ARAPAHOE COUNTY, Colo. — About half of all the residents at the Club Valencia condominium complex in Arapahoe County are still waiting to return home, after two fires in three months made roughly 160 units uninhabitable.
The first major fire occurred in November 2022, and is still under investigation. The second one sparked on February 1 due to a cooking accident.
Asbestos contamination and smoke damage are among a list of reasons the county has deemed the impacted units unsafe, prohibiting residents from returning. But as Denver7 exclusively learned, the extended delay in repairs now, unfortunately, makes sense.
The Club Valencia homeowners’ association (HOA) board revealed to Denver7 for the first time Friday that their two insurance claims for the fires were denied, and they are tied up in a back-and-forth exchange with the insurance company in an effort to resolve the matter.
Displaced residents like Gabryela Newton-Bustamante are growing even more frustrated as they wait to return home.
“It feels like I lost my freedom in a way. I’m with a co-worker right now, staying with them,” said Newton-Bustamante, who’s been displaced since February. “The most difficult part in navigating through this is knowing what is to be expected and how to move forward and the best steps going forward.”
Residents who may want to sell their condos and move face a huge hurdle ahead of them.
“Now with two fires, it’s probably going to be really hard to make a sale,” Newton-Bustamante said. “Banks just won’t trust this building anymore to write loans on it.”
Both Club Valencia’s HOA and Joy Dysart, a real-estate agent, confirmed this.
“The main people who insure mortgages will not insure these types of housing when they’ve had trouble, like in this particular situation,” Dysart said. “A conventional loan, FHA, VA, they will not loan on this type of property. If [residents] want to move about, they’re going to have difficulty. The only way they could find someone to buy their place is to pay cash or go through a private lending.”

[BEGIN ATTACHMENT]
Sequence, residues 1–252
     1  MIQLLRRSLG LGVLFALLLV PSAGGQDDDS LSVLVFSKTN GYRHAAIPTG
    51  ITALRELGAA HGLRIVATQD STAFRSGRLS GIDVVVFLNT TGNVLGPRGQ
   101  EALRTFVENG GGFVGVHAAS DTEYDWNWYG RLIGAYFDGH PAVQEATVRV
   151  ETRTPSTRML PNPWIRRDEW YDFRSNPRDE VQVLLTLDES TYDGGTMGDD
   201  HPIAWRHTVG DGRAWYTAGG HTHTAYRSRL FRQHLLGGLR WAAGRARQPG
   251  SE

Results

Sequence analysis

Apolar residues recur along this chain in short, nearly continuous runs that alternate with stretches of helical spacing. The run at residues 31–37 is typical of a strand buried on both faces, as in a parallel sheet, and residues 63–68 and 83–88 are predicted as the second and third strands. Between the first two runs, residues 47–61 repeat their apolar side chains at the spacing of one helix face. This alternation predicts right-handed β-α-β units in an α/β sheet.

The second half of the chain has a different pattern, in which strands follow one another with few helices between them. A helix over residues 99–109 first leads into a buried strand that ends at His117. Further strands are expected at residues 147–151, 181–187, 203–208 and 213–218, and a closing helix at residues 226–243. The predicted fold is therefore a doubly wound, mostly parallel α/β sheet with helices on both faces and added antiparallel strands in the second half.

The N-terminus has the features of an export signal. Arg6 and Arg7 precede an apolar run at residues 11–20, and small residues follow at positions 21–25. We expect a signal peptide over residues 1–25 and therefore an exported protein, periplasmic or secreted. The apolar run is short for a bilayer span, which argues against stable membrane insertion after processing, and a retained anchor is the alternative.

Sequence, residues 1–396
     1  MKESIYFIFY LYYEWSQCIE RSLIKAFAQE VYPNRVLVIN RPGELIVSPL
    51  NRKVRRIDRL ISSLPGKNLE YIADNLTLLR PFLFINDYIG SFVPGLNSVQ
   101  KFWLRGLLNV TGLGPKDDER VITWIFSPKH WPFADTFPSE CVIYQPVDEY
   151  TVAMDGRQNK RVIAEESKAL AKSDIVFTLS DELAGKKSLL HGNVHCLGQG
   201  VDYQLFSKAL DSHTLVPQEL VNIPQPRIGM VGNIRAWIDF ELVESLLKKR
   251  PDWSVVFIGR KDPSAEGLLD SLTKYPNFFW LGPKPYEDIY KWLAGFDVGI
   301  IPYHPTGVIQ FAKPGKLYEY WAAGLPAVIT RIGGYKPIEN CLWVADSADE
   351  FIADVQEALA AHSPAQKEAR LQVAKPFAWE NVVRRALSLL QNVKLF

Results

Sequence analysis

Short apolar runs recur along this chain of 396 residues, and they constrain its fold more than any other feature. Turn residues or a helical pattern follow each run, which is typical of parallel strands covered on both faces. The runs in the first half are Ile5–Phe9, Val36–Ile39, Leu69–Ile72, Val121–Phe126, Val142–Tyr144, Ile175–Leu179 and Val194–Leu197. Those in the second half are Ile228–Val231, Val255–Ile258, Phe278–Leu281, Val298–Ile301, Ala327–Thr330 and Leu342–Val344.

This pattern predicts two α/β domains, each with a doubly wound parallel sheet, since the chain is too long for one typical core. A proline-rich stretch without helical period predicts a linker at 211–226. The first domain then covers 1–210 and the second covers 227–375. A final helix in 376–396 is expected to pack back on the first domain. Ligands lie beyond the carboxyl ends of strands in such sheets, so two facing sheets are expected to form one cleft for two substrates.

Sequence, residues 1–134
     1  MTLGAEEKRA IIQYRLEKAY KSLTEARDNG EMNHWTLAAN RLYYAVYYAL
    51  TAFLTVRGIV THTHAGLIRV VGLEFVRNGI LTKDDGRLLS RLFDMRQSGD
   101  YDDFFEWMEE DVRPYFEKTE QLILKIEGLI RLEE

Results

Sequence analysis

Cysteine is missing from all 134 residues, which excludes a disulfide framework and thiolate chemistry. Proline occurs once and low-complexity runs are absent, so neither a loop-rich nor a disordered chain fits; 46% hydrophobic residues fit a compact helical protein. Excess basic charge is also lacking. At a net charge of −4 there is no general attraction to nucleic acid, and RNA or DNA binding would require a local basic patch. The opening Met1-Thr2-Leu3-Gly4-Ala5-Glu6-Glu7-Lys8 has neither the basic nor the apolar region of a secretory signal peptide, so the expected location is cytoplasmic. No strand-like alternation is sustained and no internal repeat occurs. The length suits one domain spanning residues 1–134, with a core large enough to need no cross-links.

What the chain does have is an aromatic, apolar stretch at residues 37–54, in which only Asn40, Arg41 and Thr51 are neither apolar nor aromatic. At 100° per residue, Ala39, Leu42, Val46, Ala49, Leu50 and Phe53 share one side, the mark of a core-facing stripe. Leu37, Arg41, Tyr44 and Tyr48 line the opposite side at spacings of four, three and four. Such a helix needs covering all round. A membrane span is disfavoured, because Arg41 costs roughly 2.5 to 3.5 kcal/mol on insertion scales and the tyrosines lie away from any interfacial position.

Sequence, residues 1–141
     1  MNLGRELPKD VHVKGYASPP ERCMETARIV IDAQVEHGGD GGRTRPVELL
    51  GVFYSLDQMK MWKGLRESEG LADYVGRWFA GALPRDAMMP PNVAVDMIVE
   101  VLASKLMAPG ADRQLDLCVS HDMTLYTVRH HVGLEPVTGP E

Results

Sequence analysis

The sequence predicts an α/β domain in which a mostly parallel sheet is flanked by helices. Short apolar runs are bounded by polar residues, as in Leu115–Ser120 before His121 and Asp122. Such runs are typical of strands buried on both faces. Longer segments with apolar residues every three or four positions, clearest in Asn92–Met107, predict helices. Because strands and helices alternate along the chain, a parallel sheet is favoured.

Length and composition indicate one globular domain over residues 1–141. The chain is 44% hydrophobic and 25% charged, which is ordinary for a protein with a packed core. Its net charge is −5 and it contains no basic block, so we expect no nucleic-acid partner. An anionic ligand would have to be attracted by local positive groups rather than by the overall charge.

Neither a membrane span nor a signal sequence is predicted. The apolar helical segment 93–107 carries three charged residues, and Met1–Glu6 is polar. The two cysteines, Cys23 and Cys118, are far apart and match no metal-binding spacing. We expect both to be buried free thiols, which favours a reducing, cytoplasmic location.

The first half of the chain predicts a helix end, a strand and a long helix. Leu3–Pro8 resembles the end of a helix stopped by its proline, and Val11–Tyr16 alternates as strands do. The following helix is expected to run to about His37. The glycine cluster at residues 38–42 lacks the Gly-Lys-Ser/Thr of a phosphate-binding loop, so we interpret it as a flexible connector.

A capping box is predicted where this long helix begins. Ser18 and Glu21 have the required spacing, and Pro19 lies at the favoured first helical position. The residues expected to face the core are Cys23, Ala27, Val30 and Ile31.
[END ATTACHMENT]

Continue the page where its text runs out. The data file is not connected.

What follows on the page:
Denver7 also obtained a South Metro Fire Rescue correction notice issued on February 7 to LCM Property Management, Inc., the company that has managed the property since 2012. The notice asks property management to install “a manual fire alarm system throughout the building,” just one day after SMFR documented several fire code violations at the property, which included:
- Open electrical junction boxes in boiler rooms
- Storage of combustible material and oily rags in all elevator equipment rooms
- The building is missing a manual fire alarm system that activates the occupant notification system
- Inability to verify if boilers in clubhouse have been inspected within the last year
- Missing fire extinguisher on second floor near 1306 entrance
- All fire extinguishers in boiler rooms are past due to annual inspection. Tags indicate the last inspection was in 2018
- None of the corridor fire doors or stairwell fire doors latch securely when closed
- Holes in ceilings and walls throughout the building on all floors
- Propane tank being stored in electrical room 1305 entrance
According to the HOA, the property has made progress in remedying several of these violations.
“It makes it hard to imagine a future with this place, and it makes it hard to imagine a beneficial situation coming from this,” Newton-Bustamante said.
Denver7 was unable to reach LCM Property Management, LLC. for comment Friday.
Their relationship with Club Valencia may soon be coming to an end. The HOA told residents in a recent committee hearing that they are in the process of self managing the property.
As the HOA attempts to resolve the insurance matter amid denied claims — which may involve future litigation — leaders are using money from their reserves to pay for repairs and abatement in the meantime.
Abatement for areas impacted by the November fire started about six weeks ago and may take between two to three additional months to complete. Abatement and major repairs for the February fire have yet to begin.